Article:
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Theron and Cody Surprise in “Young Adult”

The best part of going to the movies is being surprised. When 2011 rolled around, it seemed as if the best movie of the year was already predetermined when indie smash hits like “The Artist” and “Tree of Life” rolled around. Few would have expected it to be Diablo Cody to turn expectation around.

I was one of those people. I’m still not a fan of the Academy Award winning “Juno,” and “Jennifer’s Body” was an even bigger, more self-parodying mess. However, Cody teamed up in 2011 with “Juno” director Jason Reitman for “Young Adult,” arguably the best movie of the year.

Cody’s newest film seems like something of a spiritual successor to “Juno,” which made her a mainstream success. Charlize Theron plays Mavis, an alcoholic depressive former queen bee that doesn’t realize how far she’s fallen from the grace she still thinks she possesses. Heading back home in an attempt to liberate ex-boyfriend Buddy, played by a wonderfully understated Patrick Wilson, she faces her spiraling mental issues as well as a past that she’s never been able to let go.

Where Reitman pushed quirk and twee to the forefront in “Juno,” it ends up being a much better accompaniment to the subtle story. The repetition of Teenage Fanclub’s “The Concept” lends the film the pitiful mix of sugar-coated nostalgia and the bitter resentment of years of neglect.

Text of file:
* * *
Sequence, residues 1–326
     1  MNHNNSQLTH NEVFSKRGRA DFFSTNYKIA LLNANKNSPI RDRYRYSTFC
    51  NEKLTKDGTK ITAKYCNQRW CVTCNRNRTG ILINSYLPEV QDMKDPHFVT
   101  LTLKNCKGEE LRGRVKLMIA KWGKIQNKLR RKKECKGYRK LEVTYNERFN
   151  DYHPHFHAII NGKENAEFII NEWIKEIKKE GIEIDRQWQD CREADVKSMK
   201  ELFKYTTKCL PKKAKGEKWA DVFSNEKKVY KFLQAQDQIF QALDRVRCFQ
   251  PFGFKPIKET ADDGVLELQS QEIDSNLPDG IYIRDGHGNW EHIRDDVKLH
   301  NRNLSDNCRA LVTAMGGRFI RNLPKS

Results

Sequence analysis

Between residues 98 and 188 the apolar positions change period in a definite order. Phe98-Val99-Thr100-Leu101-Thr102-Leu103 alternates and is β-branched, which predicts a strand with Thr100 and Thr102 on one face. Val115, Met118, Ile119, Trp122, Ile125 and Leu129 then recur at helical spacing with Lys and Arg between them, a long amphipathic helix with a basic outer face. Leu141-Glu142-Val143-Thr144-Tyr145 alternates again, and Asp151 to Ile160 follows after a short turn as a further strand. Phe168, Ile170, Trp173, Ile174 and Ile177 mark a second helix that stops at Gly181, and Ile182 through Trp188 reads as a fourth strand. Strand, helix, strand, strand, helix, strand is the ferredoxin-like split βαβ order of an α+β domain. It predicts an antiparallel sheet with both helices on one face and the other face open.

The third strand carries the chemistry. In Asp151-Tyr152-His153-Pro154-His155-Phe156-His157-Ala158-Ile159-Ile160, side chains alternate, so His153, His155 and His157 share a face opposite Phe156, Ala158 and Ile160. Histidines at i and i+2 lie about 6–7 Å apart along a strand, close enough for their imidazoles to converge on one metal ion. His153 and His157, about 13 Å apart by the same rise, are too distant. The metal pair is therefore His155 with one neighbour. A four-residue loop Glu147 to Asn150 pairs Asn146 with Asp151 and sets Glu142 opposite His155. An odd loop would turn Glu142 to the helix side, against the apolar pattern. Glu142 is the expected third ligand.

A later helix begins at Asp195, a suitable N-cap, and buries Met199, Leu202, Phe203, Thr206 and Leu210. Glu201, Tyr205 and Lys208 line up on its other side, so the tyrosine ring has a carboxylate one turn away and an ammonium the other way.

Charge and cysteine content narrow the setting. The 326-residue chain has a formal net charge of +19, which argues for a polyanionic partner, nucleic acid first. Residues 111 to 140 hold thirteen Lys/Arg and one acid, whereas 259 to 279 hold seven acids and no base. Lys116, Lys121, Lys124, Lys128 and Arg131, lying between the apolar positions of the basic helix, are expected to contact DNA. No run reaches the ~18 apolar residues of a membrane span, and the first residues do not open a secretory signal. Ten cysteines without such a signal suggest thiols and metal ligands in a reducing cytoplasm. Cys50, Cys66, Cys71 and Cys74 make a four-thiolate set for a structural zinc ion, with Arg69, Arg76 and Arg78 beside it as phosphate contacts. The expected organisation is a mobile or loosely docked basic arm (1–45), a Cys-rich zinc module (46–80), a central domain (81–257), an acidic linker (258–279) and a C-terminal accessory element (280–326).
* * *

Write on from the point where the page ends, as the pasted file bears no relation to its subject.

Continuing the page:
The ’90s mixtape aesthetic covers the film, from its memorable credit sequence through the frequent dive bar performances throughout the movie. It lends the whole movie the air of regret that drives Theron’s plight to its inevitable climax.

For those used to Cody’s more overt scripts, “Young Adult” is a considerably more subtle film, balancing a rich depth of emotions while driving the slow-burning plot forward. Theron plays Mavis with a rich lived-in style and the character’s idiosyncrasies make her feel considerably more real. As she wakes up hungover every day, viewers are guided through her routine of Diet Coke chugging, as well as the near daily regiment of facial care and meticulous make-up application that allows her to maintain her careful façade of keeping her demons at bay.

While the film initially appears to be a deep dark character study, it also manages to maintain the sort of brevity rare for the genre. Theron plays her character’s denial and self-loathing with an honesty that sometimes makes it almost impossible not to laugh, even as she falls toward rock bottom. It only helps that alternative comedy maestro Patton Oswalt plays one of Theron’s bullied former classmates who makes it his job to call her on her issues while he refuses to face his own.

“Young Adult” is the sort of film that manages to usurp expectations in every way. Whether it’s Diablo Cody’s emotionally raw and brutally realistic script, Reitman’s inventive and entertaining direction or Theron’s brittle, sensitive, deliciously bitchy performance, this is a movie that demands to be seen.

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